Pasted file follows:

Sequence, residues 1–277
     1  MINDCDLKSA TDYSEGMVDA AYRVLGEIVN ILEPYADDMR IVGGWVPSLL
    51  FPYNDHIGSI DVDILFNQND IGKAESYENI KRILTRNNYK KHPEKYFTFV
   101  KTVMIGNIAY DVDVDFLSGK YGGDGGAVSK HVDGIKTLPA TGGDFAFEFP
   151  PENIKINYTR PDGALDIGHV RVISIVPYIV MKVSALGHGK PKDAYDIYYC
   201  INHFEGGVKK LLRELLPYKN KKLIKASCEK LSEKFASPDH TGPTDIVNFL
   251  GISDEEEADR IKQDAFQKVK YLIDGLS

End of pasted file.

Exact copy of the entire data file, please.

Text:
Sequence, residues 1–277
     1  MINDCDLKSA TDYSEGMVDA AYRVLGEIVN ILEPYADDMR IVGGWVPSLL
    51  FPYNDHIGSI DVDILFNQND IGKAESYENI KRILTRNNYK KHPEKYFTFV
   101  KTVMIGNIAY DVDVDFLSGK YGGDGGAVSK HVDGIKTLPA TGGDFAFEFP
   151  PENIKINYTR PDGALDIGHV RVISIVPYIV MKVSALGHGK PKDAYDIYYC
   201  INHFEGGVKK LLRELLPYKN KKLIKASCEK LSEKFASPDH TGPTDIVNFL
   251  GISDEEEADR IKQDAFQKVK YLIDGLS